Once a form is received, investigators go through a process of elimination in which the information provided is checked against known natural and man made phenomena, to see if there is a conventional explanation which fits the data. Thorough investigators are not necessarily TRYING to "explain away" a UFO report, but the principle of "Occam's Razor" tells us that if there is more than one possible explanation for something, the simplest or most conventional one is most likely to be correct. Before turning to a theory such as the popular extraterrestrial theory, one would need to be unable to come up with any other explanation. Even then, caution is required.

One should not jump to the conclusion that unexplained = extraterrestrial. For many years circular depressions that appear mysteriously in crops have been believed by some people to be evidence of extraterrestrial spacecraft having landed, even though no one had reported seeing a spacecraft making one of the circles. In the 2 June 1988 issue of "New Scientist" it was reported that the Tornado and Storm Research Organization (TORRO) had had eye witness accounts of two of the circles being formed.

British farmers saw that they were formed by a kind of whirlpool vortex in the atmosphere. They just happened to be in the right place at the right time to see it happening, and no-one else had had this opportunity!

In case the reader is getting the impression that because most UFO reports turn out to be misinterpretations, it follows that they all have conventional explanations, here are two reports investigated by UFO Research S.A. on which you may ponder.

On Feb. 4, 1973 witnesses in three independent cars driving along Highway One at night approximately 51km out of Kimba saw, in a clearing, an orange/red rectangular glow of light with a sharply defined, white clothed human figure floating in the middle of the shape. All sets of witnesses independently reported the phenomenon to the Kimba police. Subsequent investigation showed that nothing abnormal was or seemed to have been in the clearing.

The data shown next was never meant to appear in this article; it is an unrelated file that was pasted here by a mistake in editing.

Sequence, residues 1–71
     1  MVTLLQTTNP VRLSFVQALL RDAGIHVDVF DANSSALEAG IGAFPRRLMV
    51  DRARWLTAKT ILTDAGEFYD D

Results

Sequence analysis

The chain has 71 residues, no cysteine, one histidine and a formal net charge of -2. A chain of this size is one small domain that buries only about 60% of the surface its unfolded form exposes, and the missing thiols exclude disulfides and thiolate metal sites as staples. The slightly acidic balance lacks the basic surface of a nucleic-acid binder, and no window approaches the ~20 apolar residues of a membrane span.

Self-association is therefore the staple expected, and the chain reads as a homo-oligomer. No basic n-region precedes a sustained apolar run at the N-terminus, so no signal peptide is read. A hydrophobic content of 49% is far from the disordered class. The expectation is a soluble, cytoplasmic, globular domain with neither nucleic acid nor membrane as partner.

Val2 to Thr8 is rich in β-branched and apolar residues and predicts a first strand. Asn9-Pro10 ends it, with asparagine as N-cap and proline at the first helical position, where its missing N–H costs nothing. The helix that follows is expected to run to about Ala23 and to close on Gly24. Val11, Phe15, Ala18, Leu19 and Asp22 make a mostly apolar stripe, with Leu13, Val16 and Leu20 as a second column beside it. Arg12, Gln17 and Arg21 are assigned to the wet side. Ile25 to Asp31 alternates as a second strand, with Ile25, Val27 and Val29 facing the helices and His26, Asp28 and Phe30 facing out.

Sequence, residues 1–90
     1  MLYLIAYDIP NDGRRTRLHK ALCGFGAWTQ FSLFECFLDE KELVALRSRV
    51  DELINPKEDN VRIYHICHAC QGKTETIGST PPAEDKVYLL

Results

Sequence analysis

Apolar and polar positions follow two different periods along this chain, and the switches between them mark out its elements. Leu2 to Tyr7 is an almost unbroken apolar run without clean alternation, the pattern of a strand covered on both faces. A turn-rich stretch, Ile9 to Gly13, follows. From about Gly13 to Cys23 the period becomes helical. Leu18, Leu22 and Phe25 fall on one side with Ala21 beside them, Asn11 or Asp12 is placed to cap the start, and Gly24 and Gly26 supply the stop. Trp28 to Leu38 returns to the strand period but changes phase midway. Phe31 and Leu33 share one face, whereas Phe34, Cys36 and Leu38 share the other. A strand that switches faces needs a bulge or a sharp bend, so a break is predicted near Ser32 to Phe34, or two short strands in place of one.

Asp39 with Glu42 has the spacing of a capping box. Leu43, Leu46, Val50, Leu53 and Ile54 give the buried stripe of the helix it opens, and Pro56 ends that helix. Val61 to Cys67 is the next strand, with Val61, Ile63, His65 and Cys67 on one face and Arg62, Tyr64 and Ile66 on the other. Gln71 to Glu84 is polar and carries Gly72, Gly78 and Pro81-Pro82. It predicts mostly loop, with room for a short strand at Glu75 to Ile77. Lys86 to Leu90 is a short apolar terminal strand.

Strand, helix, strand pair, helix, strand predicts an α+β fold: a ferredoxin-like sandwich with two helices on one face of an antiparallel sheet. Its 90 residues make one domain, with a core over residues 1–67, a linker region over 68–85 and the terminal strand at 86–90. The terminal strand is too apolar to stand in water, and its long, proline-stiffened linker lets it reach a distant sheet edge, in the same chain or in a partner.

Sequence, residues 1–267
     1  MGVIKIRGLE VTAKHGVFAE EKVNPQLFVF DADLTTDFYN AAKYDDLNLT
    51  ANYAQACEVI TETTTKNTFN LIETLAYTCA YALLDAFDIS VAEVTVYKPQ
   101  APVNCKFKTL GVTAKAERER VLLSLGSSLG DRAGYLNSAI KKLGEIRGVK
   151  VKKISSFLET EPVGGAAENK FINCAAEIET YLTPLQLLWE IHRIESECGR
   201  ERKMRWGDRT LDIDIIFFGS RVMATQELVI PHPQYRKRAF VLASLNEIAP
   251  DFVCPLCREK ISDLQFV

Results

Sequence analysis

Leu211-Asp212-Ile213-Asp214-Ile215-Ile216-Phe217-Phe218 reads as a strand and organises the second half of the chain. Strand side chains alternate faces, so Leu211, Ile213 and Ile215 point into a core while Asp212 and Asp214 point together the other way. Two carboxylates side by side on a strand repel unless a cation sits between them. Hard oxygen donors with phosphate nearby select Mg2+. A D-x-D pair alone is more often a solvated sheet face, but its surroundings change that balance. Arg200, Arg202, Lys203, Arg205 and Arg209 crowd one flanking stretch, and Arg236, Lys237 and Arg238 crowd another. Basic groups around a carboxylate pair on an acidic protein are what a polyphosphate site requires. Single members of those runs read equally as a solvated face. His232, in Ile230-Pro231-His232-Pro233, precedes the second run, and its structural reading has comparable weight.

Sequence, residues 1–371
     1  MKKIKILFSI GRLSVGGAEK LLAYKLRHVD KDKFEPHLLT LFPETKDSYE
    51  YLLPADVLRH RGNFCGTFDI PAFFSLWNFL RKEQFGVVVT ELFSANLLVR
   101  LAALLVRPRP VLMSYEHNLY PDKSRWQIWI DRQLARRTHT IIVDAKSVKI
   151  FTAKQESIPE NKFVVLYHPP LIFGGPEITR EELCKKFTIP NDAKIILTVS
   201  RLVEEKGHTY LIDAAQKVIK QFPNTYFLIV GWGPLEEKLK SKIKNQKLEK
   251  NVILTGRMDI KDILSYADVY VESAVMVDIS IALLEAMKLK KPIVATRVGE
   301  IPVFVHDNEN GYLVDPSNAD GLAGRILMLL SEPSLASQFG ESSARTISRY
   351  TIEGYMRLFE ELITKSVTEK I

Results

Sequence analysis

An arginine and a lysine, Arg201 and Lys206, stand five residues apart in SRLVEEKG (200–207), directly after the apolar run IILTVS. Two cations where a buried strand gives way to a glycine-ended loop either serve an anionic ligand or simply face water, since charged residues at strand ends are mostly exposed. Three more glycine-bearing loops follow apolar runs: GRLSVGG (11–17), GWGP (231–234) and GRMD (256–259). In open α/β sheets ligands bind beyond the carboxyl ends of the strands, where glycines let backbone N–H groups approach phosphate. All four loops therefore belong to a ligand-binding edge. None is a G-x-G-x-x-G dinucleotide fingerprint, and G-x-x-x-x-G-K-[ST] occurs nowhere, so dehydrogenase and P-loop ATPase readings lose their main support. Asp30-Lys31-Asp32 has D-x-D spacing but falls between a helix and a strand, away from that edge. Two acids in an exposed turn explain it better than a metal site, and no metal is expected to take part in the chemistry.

On 30 July 1977 at about 4:30pm a man driving along the main Williamstown to Birdwood road noticed an unusual object gradually getting lower in the sky. He stopped his car, and saw that the jumbo-jet sized object had come to rest on the ground near a large electricity pylon. It had a long, fat body, a tail, but no wings or wheels. After a few minutes it rose vertically at great speed into the air.

The usual process of elimination has not revealed explanations for these two reports. Neither are they classic types of "flying saucer" reports, and caution dictates that the only conclusion which can be reached is that we have no explanation for them.

This article has covered only a small portion of topics encompassed by the investigation of UFO reports.

One kind of report not mentioned is the "close encounter", which is much less likely to be the result of a misinterpretation. Another kind where witnesses claim to have been abducted, are even stranger, and require the expertise of psychologists during their investigation. For those readers who would like to look more deeply into the investigation of UPO reports, the book "The UFO Handbook: A Guide to investigating, evaluating, and reporting UFO sightings" by Allan Hendry is recommended reading.

There are also several ACUFOS (Australian Centre for UFO Studies) documents available, some of which are listed below.

Investigating UFO reports can be frustrating, but it helps to broaden one's general knowledge and stimulates the mind. Anyone interested in obtaining these documents and/or actually becoming an investigator, or wishing to report a sighting, can contact UFO Research S.A.


"UFO's Over Australia: A Selection of ACUFOS Research Findings and Debate" Edited by Mark Moravec and John Prytz.

"Basic Investigators Guide" - UFO Research Australia. Compiled by Keith Basterfield.

"Catch a Falling Frog" by Derek Elsom. "New Scientist" 2 June 1988.

"Mystery Circles: Myth in the Making: by Paul Fuller. International UFO Reporter, May/June 1988.

Australian Entity Study Group Case Document, Kimba, South Australia. Published by UFO Research, S. A. Inc.

"The Continuing Saga of our Birdwood Case". Published by UFO Research S. A. Inc.